The hatchery building should be far away from the breeding farm to prevent disease spread, but if adequate land is not available to separate the hatchery away from the breeder farms, then it should be isolated from the main farm by locating it at one end of the farm land with enclosure around it to prevent the movement of personnel from the farm to the hatchery building.
Adequate space should be available for future expansion programmes. Hatchery operations are unsuitable at high altitudes of about 2500 ft. above sea level (MSL) since the oxygen level will be less.
Size of hatchery
1.The size of the hatchery will depend on the following factors.
2.Egg capacity of setters and hatchers.
3.Number of eggs to be set and number of chicks hatched.
4.Future expansion planned.
5.Demand for chicks.
1.The different buildings are:
2.Egg receiving counter
4.Egg storage room
5.Egg assembly and traying hall
6.Shower and clothing room
7.Setter and hatcher hall
8.Chick sexing room
9.Tray washing room
10.Packing and despatching room
13.Generator room & electrical control room
Hatchery buildings should be well designed, properly constructed and sufficiently ventilated.
Since all hatchery buildings have false ceiling, any type of roof design may be used and fire proof.
Width of the setter and hatcher room is determined by the type of incubator used.
The depth of the incubator must be measured and enough space for working in the aisle and behind the machines should be allowed. With these details total width of the room may be determined.
It is advisable to use fireproof materials in constructing the side walls. The interior should be covered with a glazed non-absorbent finish, since the hatchery interior is being continuously washed and disinfected.
It also helps in preventing mould infestation. Ceiling height should be 12 ft. with forced draft ventilating system. Wooden structures are usually avoided.
For all practical purposes the height should be 8 ft. and atleast 4 ft. wide and preferably double-swinging. At the entrance of the hatchery building where the opening is wide, a sliding door is more practical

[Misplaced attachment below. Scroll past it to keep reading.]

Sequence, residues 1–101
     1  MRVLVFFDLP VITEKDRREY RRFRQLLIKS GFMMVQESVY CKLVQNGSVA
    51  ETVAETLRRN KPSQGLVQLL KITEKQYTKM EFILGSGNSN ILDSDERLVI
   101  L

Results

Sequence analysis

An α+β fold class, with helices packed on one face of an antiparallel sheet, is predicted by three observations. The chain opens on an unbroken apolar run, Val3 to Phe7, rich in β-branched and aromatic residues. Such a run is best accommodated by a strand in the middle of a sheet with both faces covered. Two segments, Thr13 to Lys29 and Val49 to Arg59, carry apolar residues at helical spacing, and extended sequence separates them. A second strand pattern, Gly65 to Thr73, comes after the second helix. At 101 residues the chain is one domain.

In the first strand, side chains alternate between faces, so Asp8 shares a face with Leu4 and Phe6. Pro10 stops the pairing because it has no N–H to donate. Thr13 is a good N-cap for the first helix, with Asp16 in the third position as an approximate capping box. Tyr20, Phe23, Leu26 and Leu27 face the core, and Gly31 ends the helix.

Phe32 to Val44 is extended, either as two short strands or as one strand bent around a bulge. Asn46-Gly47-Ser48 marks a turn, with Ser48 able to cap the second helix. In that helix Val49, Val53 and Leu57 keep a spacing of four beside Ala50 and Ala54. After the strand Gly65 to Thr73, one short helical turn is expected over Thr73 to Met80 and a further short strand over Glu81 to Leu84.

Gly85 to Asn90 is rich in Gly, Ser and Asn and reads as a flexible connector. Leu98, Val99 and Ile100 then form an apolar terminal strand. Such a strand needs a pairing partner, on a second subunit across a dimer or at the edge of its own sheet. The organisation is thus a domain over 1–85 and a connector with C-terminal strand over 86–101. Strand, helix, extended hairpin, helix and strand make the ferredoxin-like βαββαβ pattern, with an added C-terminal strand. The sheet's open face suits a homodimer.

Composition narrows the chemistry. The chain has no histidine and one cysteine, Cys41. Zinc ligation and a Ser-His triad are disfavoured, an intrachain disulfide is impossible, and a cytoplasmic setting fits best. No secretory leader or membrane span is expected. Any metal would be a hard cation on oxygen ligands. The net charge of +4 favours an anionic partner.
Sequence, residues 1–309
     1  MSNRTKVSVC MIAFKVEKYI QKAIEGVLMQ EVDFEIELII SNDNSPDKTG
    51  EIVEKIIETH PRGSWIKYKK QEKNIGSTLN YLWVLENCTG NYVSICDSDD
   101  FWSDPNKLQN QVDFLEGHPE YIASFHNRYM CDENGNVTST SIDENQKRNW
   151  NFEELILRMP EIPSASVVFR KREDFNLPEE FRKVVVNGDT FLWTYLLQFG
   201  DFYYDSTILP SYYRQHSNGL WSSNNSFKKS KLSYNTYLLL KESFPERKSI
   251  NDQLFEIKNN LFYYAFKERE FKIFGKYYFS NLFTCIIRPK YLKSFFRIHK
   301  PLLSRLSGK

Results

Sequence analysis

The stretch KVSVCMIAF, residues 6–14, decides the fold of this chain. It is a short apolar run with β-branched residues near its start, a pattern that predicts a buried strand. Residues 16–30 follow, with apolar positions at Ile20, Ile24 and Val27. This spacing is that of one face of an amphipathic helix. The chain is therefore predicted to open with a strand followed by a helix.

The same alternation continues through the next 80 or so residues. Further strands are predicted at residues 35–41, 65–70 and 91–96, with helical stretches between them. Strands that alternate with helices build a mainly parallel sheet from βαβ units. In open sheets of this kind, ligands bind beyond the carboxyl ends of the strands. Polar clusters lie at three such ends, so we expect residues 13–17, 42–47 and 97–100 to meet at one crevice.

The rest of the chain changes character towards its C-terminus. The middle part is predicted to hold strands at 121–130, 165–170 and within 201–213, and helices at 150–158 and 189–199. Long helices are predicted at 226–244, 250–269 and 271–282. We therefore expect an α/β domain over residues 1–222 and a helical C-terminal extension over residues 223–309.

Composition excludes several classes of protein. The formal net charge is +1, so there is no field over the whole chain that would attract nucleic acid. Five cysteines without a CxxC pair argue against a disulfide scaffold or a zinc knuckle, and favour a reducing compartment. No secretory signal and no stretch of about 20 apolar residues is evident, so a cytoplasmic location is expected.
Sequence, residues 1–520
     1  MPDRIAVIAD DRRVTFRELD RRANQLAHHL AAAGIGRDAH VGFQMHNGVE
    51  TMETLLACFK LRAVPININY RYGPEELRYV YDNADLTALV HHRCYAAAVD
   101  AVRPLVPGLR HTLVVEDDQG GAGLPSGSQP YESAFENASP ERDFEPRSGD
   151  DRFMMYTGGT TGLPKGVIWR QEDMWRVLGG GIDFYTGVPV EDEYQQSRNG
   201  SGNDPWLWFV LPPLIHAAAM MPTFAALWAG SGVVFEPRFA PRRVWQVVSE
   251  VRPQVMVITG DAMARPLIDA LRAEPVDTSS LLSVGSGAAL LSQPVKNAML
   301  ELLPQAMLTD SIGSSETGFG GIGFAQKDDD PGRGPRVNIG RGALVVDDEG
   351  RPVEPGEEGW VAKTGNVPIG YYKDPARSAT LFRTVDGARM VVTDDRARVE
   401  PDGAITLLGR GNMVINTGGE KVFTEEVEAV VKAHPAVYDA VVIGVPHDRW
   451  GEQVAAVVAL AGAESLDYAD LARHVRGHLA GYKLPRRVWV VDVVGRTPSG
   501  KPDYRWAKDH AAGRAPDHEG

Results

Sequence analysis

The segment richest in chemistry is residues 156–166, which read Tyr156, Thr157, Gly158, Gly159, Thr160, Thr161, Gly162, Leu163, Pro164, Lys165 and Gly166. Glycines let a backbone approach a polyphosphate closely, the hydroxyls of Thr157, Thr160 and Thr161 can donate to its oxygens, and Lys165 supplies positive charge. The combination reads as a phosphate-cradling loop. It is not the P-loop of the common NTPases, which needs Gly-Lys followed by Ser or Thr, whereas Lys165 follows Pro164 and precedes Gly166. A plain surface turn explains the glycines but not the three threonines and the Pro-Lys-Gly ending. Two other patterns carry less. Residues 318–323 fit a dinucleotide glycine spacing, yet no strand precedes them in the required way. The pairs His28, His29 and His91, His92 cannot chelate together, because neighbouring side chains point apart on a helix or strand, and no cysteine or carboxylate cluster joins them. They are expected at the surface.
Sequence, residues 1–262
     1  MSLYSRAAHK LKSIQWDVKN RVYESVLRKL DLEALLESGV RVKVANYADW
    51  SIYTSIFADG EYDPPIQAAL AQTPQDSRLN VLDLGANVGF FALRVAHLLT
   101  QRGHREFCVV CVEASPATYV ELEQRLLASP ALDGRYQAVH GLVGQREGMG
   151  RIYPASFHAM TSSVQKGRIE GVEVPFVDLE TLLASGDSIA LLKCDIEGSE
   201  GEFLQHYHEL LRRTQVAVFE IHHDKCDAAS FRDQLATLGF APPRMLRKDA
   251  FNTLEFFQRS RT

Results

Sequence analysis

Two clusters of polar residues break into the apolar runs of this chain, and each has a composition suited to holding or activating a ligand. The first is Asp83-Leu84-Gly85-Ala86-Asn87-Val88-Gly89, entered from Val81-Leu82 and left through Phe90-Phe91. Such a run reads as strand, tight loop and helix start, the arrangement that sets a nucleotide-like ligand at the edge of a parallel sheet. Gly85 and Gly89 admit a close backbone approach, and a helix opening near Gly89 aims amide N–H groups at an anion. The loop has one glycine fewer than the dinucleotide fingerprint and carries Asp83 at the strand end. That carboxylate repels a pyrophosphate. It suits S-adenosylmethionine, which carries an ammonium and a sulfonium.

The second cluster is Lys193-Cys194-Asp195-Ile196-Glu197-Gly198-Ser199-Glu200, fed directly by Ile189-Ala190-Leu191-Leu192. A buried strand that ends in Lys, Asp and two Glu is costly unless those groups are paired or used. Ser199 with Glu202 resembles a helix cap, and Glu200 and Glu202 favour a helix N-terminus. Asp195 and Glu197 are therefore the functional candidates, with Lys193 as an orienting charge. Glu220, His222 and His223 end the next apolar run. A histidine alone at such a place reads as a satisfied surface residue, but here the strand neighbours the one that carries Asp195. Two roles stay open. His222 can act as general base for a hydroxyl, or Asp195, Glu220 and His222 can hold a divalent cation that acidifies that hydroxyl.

All floors must be cement concrete preferably with embedded steel to prevent cracking.
Glazed finish is preferred with no high or low spots for easy drainage. The slope should never be greater than 0.5 - 1 inch in 10 ft.
Trap-type floor drains should be used to prevent clogging of the drains.
It is estimated that for each 1,08,000 egg capacity incubator, the daily water requirement is about 300 litres for the incubator.
The hatcheries of medium size will facilitate hatching of chicks in batches 2 times in a week, but large hatcheries may hatch chicks 6 times a week.
This will determine the size of hatchery rooms. The following table will show the general recommendations for floor space of the various hatchery rooms when the hatches involved is twice weekly.
It is better to have larger hatchery rooms than too small.
Egg receiving counter:
Eggs from breeding pen or farm are received here and cleaned.
Eggs received are fumigated in a chamber of about 5 feet by 5 feet. Here fumigation is carried out to destroy the harmful microbes or shell contamination thus increasing hatchability.
This chamber with a capacity of just 3-4 m3 is sufficient to hold one-day collection. Fumigation is carried out with formalin and potassium permanganate at 3X concentration.
The room should have a temperature of 28-30oC, ventilation holes should be there for effective removal of excess formaldehyde gas.
Fumigation is done for 20 minutes and personnel handling fumigation should wear a mask, gloves and other precautions.
Egg holding room or Storage room (Egg cooler Room):
After fumigation and allowing sufficient time, the eggs are shifted to the egg storage room where the average temperature maintained is 13-16oC.
This temperature varies based on the duration of storage. It should maintain 70-80% relative humidity to prevent rapid drying of eggs.
Egg assembly and traying hall:
Before setting the eggs in the incubator, eggs should be removed from the storage room and kept under room temperature for 6 hours to allow 'Sweating' of the eggs where water particles condense over the eggs and evaporate.
The eggs are trayed after this by setting them 'broad end up' in the setter trays and then placed in the setter.